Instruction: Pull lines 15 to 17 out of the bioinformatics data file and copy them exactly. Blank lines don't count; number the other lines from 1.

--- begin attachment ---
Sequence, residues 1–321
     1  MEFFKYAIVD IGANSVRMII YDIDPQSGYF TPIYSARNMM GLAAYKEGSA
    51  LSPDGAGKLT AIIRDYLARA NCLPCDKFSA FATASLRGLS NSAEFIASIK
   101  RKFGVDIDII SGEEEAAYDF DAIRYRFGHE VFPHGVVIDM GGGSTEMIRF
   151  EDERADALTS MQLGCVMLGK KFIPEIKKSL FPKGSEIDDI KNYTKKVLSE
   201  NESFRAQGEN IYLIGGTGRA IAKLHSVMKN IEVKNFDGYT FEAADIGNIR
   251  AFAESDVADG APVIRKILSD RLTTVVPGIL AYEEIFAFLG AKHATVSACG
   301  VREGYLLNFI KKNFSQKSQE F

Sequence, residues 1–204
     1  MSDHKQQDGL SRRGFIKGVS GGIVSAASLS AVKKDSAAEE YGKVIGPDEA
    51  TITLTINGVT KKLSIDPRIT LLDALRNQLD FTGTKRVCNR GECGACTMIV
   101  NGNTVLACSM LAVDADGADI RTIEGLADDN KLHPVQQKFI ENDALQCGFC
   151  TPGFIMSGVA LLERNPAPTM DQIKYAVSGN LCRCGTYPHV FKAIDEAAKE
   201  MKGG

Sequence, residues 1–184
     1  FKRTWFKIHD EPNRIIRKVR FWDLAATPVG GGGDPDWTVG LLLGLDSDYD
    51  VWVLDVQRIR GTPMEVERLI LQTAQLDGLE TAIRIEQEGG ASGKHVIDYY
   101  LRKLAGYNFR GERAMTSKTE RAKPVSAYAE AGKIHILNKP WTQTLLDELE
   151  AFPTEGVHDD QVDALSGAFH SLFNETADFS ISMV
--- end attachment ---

Sequence, residues 1–184
     1  FKRTWFKIHD EPNRIIRKVR FWDLAATPVG GGGDPDWTVG LLLGLDSDYD
    51  VWVLDVQRIR GTPMEVERLI LQTAQLDGLE TAIRIEQEGG ASGKHVIDYY